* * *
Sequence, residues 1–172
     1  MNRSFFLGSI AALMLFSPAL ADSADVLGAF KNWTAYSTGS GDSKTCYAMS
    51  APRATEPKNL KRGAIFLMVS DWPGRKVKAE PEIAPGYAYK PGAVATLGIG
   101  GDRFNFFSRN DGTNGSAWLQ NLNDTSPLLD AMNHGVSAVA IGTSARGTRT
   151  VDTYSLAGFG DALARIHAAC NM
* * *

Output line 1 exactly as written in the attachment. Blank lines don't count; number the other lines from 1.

Sequence, residues 1–172